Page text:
It was super disheartening and we didn't learn anything. Some of his recommendations we didn't agree with at all, like don't put any money into the HSAs, and bulk up the cash in our savings at the bank (with like .00001% interest) to $40k "just in case". He saw our income (not expenses) and thought the Emergency Fund was too low. Once again, he just couldn't wrap his head around that we were spending WAY less than we make, so such a giant EF would be ridiculous for us.

Anyway.... the issue remains. Now what? I'd like to have a solid retirement plan, or goal. Right now, like I said, we are maxing out our accounts and wondering if we should open a taxable investment account to hold us over from 40 - 60 yrs old. But of course, we also have no idea how much we'll need in retirement or when we may be able to stop working. Any advice? Or recommendation for a fee-based CFP that specializes in ERE?

CecilyC
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Re: Samantha's goals

Postby CecilyC » Thu Nov 19, 2015 9:09 am

Samantha wrote:Hello Everyone! I'm BAAACCCKKK!

So we met with a fee-based CFP. Unfortunately he seriously could not wrap his head around the idea of "extreme early retirement", and literally told us to "live a little". His software pretty much exploded when he tried to make it spit out numbers for our crazy situation.

It was super disheartening and we didn't learn anything. Some of his recommendations we didn't agree with at all, like don't put any money into the HSAs, and bulk up the cash in our savings at the bank (with like .00001% interest) to $40k "just in case". He saw our income (not expenses) and thought the Emergency Fund was too low. Once again, he just couldn't wrap his head around that we were spending WAY less than we make, so such a giant EF would be ridiculous for us.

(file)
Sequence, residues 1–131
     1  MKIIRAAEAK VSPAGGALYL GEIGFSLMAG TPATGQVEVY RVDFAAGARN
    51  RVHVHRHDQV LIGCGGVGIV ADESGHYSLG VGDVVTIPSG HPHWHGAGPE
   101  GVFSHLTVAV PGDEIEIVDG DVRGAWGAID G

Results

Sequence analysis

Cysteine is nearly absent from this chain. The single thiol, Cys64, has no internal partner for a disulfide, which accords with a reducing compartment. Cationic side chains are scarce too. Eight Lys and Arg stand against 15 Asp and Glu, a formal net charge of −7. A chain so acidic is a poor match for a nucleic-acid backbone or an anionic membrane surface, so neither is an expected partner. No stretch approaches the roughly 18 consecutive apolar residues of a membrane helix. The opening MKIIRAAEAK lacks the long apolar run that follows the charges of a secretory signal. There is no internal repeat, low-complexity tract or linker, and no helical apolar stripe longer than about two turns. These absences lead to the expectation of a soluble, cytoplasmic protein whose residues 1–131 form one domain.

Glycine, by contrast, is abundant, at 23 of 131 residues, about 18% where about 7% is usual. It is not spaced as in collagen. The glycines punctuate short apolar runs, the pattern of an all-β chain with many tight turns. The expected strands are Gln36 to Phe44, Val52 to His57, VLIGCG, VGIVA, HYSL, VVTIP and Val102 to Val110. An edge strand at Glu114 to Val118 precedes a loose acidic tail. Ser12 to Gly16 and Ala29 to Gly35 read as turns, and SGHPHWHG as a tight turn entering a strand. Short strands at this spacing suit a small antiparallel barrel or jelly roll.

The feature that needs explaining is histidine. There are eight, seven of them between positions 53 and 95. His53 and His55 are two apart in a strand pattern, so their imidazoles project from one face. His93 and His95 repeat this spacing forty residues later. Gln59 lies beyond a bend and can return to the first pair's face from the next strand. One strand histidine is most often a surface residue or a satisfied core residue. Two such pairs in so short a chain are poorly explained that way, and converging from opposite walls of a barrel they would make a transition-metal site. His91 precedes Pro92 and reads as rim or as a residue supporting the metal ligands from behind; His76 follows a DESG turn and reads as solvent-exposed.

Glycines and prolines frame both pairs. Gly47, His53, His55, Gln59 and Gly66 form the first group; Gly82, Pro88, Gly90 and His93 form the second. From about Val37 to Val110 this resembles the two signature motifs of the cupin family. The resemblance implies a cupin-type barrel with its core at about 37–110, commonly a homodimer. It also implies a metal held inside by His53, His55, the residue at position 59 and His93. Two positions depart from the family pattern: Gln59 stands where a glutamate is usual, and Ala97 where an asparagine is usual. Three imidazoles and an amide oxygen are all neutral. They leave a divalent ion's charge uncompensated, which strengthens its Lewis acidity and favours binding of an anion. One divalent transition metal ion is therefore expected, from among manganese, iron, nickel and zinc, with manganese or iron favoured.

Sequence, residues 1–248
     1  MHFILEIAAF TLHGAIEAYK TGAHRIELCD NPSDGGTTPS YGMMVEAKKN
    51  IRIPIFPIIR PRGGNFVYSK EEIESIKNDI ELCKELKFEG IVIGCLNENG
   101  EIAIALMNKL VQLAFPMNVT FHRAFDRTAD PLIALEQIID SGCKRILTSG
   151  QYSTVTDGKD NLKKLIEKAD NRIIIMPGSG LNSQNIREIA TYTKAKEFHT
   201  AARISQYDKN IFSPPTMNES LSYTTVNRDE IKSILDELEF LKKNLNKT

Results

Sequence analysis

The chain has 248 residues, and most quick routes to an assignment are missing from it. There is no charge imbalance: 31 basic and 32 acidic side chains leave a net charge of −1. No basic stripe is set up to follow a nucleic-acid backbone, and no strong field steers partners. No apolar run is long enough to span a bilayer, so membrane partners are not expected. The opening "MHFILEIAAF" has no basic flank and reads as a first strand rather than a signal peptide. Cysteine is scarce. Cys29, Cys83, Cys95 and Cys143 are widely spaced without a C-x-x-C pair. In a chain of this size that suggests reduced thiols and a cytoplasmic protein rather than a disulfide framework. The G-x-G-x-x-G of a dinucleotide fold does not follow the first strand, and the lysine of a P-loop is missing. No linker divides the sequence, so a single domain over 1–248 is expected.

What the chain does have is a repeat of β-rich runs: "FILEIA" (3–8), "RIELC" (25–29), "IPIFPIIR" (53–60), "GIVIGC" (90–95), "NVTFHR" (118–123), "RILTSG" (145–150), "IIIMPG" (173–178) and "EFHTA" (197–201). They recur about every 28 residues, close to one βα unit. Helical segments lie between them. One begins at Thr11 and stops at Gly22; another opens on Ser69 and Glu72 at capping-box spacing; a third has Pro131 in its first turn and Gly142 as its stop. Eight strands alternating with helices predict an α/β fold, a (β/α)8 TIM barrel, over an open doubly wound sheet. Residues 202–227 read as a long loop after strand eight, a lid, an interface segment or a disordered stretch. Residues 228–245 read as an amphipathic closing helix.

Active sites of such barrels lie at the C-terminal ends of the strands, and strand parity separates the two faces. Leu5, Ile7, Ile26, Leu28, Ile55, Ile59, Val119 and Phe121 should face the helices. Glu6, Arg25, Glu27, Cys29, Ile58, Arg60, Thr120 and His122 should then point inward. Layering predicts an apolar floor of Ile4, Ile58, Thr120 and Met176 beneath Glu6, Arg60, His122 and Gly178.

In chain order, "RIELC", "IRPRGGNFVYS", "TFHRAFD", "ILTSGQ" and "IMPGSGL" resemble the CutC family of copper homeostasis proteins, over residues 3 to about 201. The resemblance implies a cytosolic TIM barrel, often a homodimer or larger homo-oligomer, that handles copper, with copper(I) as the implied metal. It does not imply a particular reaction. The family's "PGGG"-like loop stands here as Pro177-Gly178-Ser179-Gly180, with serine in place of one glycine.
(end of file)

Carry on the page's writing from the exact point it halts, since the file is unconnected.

Anyway.... the issue remains. Now what? I'd like to have a solid retirement plan, or goal. Right now, like I said, we are maxing out our accounts and wondering if we should open a taxable investment account to hold us over from 40 - 60 yrs old. But of course, we also have no idea how much we'll need in retirement or when we may be able to stop working. Any advice? Or recommendation for a fee-based CFP that specializes in ERE?


How frustrating. Seriously, there ought to be a special network of CFPs for people who spend less than they earn! But I wonder whether you didn't just stumble across someone who isn't very good at listening to what the clients want, instead of re-hashing pre-conceived notions. I hope you find someone who's better at putting your agenda first!

But I bet you could anticipate some of it yourselves. After all this time watching your usual expenses, you must have a fair idea of what your baseline post-retirement budget would be like, unless you think it would be radically different from your present budget?

Cheers,
CecilyC

LMoot
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Re: Samantha's goals

Postby LMoot » Thu Nov 19, 2015 9:43 am

First step I would recommend (though I always feel silly giving advice to those who are eons ahead of me financially), is to move most if not all of your cash out of anything paying only 0.anything%. There are online banks out there like Ally and Barclays that are paying over 1% on savings accounts.

Second, I agree with Cecily that you would know as well or better than anyone else how much you might spend in retirement. Just like you can't predict your expenses (healthwise especially), neither can anyone else. I would open up your options a bit...if you are itching to retire early, but are concerned about retiring too early, then why not quit the job that's making your want to retire decades earlier, and work full-time for a job that pays less but doesn't make you dream of retiring at 40. Going from income hero to zero is not the only way to go. This way you won't stress that you're missing out on things you enjoy, or that you're missing out on an early retirement which you find out too late, you could have actually afforded.

The job can be anything your heart desires, as long as you have benefits, can continue to max out your retirement (since that's an important personal goal for you), and are able to pay expenses while saving for when you finally decide to retire permanently.

Just curious...what does retirement look like to you? Say you retire at 40. Does the money you want to save now have to completely replace your income for 20 years until retirement kicks in? Or do you have plans post "retirement" to earn money? If not, what would you be doing? I'd say a 40 year old who can afford to work whatever job they want (cupcake decorator, pet sitter, glitter artist, Disney World character...I dunno. Whatever you always wanted to do as a kid), without compromising their future retirement, is a great place to be...and seems much more interesting than just jumping out of the race at 40.